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Olympics guest list reveals Putin’s place on the world stage

In this Friday, Jan. 17, 2014 file photo Russian President Vladimir Putin listens to a translation during an interview to Russian and foreign media in the Russian Black Sea resort of Sochi, Russia. Putin turned up the pressure on Ukraine’s embattled President Viktor Yanukovych on Jan. 29, putting part of a $15-billion bailout on hold.

Alexei Nikolsky/AP

The roster of world leaders arriving in Sochi for Friday's opening ceremony of the Winter Olympics neatly illustrates Russian President Vladimir Putin's current position on the international stage: Courted by the East, obeyed by Russia's post-Soviet neighbours, but increasingly a pariah in the West.

Topping the list of expected guests are Chinese President Xi Jinping and Japanese Prime Minister Shinzo Abe, Asian rivals that have been butting heads since the two men came to office. Both leaders seek a steady supply of Russian oil and gas to feed their economies, as well as the Kremlin's backing in a charged territorial row over disputed islands in the East China Sea.

North Korea's ceremonial head-of-state, Kim Yong-nam, will also be in attendance, even though no North Korean athletes qualified for the Games.

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The presidents of former Soviet republics Ukraine, Belarus, Armenia, Kazakhstan, Kyrgyzstan, Tajikistan and Latvia will all be in Sochi. So too will be Georgy Margvelashvili, the new President of Georgia, which went to war with Russia on the first day of the 2008 Summer Olympics in Beijing. A Kremlin spokesman said there's a chance Mr. Margvelashvili and Mr. Putin will shake hands in Sochi, which would mark a symbolic end to the hostilities of six years ago.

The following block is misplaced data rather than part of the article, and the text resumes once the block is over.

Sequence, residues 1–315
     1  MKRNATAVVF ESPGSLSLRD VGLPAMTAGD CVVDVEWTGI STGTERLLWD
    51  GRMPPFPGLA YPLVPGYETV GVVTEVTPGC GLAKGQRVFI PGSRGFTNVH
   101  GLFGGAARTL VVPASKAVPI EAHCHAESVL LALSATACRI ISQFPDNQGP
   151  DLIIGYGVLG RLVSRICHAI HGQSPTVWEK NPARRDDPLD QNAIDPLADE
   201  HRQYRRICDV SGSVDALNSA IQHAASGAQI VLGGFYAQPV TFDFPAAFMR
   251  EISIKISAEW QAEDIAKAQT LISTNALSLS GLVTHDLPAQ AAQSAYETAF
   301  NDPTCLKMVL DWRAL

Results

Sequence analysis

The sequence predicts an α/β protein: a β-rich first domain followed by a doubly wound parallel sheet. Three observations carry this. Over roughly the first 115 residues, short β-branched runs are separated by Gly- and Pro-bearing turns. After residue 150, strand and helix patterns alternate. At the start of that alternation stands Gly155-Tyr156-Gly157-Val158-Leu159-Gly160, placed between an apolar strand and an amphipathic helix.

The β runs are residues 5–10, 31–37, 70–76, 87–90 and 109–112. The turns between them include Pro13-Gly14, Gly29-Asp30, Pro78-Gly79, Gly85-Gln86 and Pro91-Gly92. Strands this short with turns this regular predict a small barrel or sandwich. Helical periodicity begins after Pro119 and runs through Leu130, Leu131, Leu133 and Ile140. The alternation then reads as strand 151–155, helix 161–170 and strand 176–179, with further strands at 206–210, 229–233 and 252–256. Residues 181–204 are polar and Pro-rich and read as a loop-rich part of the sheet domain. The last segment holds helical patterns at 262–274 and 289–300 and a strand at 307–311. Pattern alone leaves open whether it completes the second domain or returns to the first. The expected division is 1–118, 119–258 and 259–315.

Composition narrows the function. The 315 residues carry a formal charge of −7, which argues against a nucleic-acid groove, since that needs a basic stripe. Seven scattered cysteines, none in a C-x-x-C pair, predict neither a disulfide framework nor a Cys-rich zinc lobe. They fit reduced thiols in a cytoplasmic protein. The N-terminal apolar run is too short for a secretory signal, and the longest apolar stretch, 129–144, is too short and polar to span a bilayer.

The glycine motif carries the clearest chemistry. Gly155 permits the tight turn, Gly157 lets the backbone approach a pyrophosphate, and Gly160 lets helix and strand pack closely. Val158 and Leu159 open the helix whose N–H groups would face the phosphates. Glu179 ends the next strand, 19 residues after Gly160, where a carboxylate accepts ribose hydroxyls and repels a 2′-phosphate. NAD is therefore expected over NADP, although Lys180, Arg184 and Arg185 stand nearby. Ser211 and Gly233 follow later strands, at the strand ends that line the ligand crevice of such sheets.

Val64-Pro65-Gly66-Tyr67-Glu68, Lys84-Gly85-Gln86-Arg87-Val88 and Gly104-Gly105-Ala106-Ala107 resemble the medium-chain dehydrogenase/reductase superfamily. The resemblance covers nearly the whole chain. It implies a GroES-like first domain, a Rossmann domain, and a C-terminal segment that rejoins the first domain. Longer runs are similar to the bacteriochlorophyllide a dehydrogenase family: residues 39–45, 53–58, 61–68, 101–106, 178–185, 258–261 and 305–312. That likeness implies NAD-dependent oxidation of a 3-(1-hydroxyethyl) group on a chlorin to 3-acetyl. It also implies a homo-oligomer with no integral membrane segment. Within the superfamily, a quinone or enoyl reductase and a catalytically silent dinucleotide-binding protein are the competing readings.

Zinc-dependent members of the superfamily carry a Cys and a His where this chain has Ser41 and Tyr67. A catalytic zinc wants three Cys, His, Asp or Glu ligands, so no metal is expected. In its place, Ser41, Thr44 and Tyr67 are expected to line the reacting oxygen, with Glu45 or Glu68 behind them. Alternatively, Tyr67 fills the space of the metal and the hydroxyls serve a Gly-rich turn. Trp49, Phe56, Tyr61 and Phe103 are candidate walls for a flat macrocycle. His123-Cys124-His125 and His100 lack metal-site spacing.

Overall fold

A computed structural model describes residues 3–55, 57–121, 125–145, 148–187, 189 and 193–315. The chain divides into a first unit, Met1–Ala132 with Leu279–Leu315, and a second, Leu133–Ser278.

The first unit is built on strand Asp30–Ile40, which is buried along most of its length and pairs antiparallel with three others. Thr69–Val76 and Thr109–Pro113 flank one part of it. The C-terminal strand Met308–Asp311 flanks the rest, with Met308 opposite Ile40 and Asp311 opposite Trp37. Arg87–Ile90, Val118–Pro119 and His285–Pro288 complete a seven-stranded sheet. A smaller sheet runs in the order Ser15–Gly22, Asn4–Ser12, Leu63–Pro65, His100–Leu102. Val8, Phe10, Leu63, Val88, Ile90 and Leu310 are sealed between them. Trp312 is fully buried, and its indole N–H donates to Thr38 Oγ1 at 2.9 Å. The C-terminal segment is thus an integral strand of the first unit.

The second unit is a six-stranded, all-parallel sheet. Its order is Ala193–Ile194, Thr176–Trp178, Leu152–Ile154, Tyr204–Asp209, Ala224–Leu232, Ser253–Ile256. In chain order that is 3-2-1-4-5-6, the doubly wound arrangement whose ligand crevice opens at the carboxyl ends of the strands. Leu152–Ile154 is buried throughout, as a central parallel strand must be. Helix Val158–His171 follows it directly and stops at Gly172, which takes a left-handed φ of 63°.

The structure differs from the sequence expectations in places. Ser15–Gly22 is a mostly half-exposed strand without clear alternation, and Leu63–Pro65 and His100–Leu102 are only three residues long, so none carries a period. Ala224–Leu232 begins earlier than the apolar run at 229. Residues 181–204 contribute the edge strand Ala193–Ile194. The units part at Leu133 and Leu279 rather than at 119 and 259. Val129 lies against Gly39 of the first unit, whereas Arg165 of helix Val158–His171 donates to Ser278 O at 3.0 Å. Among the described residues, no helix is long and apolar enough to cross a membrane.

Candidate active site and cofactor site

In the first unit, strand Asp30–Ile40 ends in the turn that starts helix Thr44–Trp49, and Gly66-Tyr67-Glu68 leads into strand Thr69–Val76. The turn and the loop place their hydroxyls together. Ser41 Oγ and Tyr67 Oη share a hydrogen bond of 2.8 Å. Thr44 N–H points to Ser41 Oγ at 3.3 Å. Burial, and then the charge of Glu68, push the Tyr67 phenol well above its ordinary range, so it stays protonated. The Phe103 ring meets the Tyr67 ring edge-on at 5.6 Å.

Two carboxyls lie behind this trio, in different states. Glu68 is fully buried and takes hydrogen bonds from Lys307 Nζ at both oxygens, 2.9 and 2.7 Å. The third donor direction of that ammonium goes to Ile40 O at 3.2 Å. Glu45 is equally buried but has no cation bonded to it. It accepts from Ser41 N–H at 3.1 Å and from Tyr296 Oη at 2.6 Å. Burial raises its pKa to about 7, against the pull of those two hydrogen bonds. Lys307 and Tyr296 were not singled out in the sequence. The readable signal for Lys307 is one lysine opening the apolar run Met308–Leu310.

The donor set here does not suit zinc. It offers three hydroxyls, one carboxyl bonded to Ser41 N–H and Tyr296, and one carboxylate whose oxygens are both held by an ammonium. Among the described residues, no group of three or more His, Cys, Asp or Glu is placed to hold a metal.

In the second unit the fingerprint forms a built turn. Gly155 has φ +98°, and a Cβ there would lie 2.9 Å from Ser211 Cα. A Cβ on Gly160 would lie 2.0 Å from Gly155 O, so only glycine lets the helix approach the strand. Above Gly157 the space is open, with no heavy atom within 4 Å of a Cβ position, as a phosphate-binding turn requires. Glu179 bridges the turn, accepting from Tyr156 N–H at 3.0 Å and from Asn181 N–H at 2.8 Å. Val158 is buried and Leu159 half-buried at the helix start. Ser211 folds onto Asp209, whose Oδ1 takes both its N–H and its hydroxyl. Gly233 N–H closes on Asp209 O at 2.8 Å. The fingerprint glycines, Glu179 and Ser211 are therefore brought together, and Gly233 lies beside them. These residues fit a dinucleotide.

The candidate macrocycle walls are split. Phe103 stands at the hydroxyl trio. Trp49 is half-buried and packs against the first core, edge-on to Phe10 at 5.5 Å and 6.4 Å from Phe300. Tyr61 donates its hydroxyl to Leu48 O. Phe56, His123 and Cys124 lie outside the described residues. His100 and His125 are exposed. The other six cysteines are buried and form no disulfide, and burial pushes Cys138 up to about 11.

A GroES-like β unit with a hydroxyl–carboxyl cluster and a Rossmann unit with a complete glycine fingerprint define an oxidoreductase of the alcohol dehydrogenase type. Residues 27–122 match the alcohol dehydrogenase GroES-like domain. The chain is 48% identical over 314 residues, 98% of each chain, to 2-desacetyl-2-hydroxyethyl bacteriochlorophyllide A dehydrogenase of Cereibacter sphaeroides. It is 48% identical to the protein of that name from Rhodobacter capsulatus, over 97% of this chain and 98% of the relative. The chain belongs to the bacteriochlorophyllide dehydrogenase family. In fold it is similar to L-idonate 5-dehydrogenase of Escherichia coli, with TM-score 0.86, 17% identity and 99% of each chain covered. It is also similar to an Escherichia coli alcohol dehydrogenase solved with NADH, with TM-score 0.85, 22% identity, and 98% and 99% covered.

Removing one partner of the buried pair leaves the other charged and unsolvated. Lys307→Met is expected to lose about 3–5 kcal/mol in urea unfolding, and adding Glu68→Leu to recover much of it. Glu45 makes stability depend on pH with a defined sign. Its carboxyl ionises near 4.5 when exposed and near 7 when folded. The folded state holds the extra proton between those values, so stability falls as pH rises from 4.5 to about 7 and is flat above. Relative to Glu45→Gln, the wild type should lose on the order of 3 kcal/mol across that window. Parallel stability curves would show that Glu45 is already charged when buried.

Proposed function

Dmitry Chernyshenko, the head of the 2014 Sochi Organizing Committee, said Thursday that 65 heads of state and government and international organizations are expected to attend Russia's first Winter Olympics. He said the total was a record, and three times the number of leaders who attended the 2010 Olympics in Vancouver.

But many of the most powerful leaders found somewhere else to be during the opening ceremonies. Among Russia's fellow G-8 members, only Mr. Abe and Italian Prime Minister Enrico Letta are expected to attend.

U.S. President Barack Obama sent a tellingly low-level delegation to Sochi, headed by Janet Napolitano, a former Secretary of Homeland Security. She will be joined by several openly gay athletes, in what was seen as Mr. Obama rebuking Mr. Putin for signing a new law that criminalizes "propaganda" portraying gay and lesbian relationships as normal.

While the Russian delegation to Vancouver four years ago was headed by Deputy Prime Minister Dmitry Kozak, Canada's delegation is Sochi is headed by former skiing star Steve Podborski and John Kur, Canada's new ambassador to Moscow. Foreign Minister John Baird has criticized the anti-gay law as "incitement to intolerance."